Smart communities, somewhere between smart homes and smart cities.

According to the book Smart Cities: Governing, Modelling and Analysing the Transition, there seems to be a rush among major urban areas in the world to follow the pattern set by places like Vancouver, Kyoto, San Francisco or Amsterdam. The tag “Smart City” appears to be used and abused by an increasing number of population centres nowadays.

Which begs the question: if you don’t live in a Smart City, do you live in a Dumb City?

Does your residential community use software?

Letterboxes full of junk mail. Important notifications going missing. How do I tell my neighbour that his dog is digging holes in our gardens? Endless general meetings, but very little progress.

Does your residential community use software to tackle these problems?

There is no shortage of options available in the market. Free or premium; for professional administrators, but also for communities that wish to self-manage their affairs.

Residential communities: grassroots governance

It can be a lonely, unrewarded and difficult journey for the president of a residential community.

Plenty of after-hours work, disgruntled property owners, loads of paperwork, and recurring trips to the bank.

It is remarkable that with so many different types of residential communities in different parts of the world, all arrangements seem to rely on one owner to handle the community’s affairs: the community association president.

Smart energy meters being introduced by Endesa

There have been a few new EU directives brought into effect regarding saving energy (Directive 2006/32/EC and Directive 2009/72/EC and most recently Orden ITC/3860/2007. The Spanish supplier of electricity Endesa has sent letters to their clients to inform them that in order to comply with these regulations they  will be putting in smart electricity meters which will allow homeowners to see where their energy is being used and help them to be proactive in reducing consumption.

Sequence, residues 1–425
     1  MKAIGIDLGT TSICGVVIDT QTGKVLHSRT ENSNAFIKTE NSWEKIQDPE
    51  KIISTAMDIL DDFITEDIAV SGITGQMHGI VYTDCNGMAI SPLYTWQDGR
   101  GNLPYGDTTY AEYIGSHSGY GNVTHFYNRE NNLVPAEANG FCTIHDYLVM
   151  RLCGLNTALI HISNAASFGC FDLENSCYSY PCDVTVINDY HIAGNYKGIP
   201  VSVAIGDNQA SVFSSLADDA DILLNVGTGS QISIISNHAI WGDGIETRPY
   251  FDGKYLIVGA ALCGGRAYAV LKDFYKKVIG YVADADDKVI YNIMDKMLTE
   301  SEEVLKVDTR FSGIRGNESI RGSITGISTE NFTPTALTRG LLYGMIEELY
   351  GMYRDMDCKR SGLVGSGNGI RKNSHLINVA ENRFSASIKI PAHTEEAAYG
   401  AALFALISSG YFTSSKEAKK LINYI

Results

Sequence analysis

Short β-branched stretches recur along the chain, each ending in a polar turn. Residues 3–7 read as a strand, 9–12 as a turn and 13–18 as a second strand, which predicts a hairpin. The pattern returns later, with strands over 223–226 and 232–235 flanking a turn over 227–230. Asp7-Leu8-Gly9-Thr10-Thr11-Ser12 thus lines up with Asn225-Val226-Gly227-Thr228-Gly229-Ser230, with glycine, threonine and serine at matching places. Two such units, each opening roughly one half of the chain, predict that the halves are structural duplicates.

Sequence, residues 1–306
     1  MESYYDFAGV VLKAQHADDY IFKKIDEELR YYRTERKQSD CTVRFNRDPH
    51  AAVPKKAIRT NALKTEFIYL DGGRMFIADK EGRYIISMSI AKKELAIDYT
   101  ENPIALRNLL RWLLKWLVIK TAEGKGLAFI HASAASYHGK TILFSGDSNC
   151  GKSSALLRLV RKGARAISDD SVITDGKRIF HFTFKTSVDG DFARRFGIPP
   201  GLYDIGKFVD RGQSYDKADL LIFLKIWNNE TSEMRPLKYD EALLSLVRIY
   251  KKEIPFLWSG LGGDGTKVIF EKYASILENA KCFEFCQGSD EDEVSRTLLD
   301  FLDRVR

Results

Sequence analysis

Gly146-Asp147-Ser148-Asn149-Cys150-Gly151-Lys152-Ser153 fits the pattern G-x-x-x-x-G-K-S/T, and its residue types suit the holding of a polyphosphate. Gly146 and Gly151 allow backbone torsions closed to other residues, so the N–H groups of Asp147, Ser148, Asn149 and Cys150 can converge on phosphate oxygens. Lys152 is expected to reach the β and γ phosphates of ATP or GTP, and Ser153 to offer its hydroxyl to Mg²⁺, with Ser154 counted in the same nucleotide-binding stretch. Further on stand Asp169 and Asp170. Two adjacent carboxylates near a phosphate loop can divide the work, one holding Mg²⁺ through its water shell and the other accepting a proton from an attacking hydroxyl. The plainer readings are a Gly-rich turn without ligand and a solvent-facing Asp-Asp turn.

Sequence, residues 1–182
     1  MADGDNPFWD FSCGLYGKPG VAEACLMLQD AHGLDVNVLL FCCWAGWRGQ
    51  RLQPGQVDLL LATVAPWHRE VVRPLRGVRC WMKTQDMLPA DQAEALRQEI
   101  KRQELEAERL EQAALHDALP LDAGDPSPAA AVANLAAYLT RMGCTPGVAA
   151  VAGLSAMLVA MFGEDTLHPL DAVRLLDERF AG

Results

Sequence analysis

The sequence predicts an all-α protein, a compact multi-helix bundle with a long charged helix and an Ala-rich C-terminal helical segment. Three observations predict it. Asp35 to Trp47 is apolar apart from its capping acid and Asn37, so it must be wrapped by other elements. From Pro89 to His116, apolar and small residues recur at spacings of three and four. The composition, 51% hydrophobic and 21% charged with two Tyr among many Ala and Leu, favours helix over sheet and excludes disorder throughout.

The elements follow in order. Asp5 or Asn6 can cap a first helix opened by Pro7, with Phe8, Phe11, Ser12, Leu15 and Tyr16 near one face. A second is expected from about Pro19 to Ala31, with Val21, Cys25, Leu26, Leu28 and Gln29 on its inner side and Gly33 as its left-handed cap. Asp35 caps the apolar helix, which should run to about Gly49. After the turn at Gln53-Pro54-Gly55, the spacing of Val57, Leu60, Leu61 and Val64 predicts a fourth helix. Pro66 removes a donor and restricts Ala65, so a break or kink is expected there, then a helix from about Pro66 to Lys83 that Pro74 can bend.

The meter will also include a mains isolator which will trip a fuse if there is a power surge or similar, protecting equipment and homeowners. This will be installed with the new meter and activated immediately.

The process of changing the meters will take place over the next quarter and the good news is that because the meter is on the outside of the property there’s no need for you to be there. However, if the meter is located within the urbanization and access is required, then Endesa will contact the owner or the community president to arrange a convenient time.

Once the meter has been replaced you will receive a letter from them to confirm that it has been done and informing you that you can access the meter to learn more about how you are using your energy. This letter will include information on how to read the meter and of course, we’ll let you know what that says as soon as we receive it.

The installation of the new meter is free of charge but there is a monthly cost of hire of the equipment as before of 0.81 Euros a month which is simply added to your bill.

One big advantage of these new meters is that in the future bills will be based on monthly readings and will remove the normally inaccurate estimations which can cause you to be charged for more than you actually use.

If you need more information the Endesa website has good information about it, but in Spanish of course. Please feel free to ask us any questions and we’ll do our best to help.

In our next post we will be giving you tips for saving energy and the price rises which are on their way. Please communicate this important news with your community via a notice board, email or community website so they can understand the changes and save energy.